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Annales Geophysicae An interactive open-access journal of the European Geosciences Union
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Volume 15, issue 6
Ann. Geophys., 15, 625–633, 1997
https://doi.org/10.1007/s00585-997-0625-x
© European Geosciences Union 1997
Ann. Geophys., 15, 625–633, 1997
https://doi.org/10.1007/s00585-997-0625-x
© European Geosciences Union 1997

  30 Jun 1997

30 Jun 1997

Influence of the finite ionospheric conductivity on dispersive, nonradiative field line resonances

A. Streltsov and W. Lotko A. Streltsov and W. Lotko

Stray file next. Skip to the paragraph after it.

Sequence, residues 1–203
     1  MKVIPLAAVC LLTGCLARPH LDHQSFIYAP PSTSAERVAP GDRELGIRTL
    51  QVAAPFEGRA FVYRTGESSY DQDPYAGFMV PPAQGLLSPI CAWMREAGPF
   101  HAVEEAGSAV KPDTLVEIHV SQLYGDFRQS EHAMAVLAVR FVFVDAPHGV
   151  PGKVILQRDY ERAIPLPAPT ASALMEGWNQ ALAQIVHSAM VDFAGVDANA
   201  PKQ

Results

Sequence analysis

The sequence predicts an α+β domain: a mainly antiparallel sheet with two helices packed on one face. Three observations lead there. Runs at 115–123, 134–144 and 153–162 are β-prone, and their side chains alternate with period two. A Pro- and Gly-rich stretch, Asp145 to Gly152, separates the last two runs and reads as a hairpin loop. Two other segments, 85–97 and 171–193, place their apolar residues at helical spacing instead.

Abstract. The influence of the finite ionospheric conductivity on the structure of dispersive, nonradiative field line resonances (FLRs) is investigated for the first four odd harmonics. The results are based on a linear, magnetically incompressible, reduced, two-fluid MHD model. The model includes effects of finite electron inertia (at low altitude) and finite electron pressure (at high altitude). The ionosphere is treated as a high-integrated conducting substrate. The results show that even very low ionospheric conductivity (ΣP = 2 mho) is not sufficient to prevent the formation of a large-amplitude, small-scale, nonradiative FLR for the third and higher harmonics when the background transverse plasma inhomogeneity is strong enough. At the same time, the fundamental FLR is strongly affected by a state of low conductivity, and when ΣP = 2 mho, this resonance forms only small-amplitude, relatively broad electromagnetic disturbance. The difference in conductivities of northern and southern ionospheres does not produce significant asymmetry in the distribution of electric and magnetic fields along the resonant field line. The transverse gradient of the background Alfvén speed plays an important role in structure of the FLR when the ionospheric conductivity is finite. In cases where the transverse inhomogeneity of the plasma is not strong enough, the low ionospheric conductivity can prevent even higher-harmonic FLRs from contracting to small scales where dispersive effects are important. The application of these results to the formation and temporal evolution of small-scale, active auroral arc forms is discussed.

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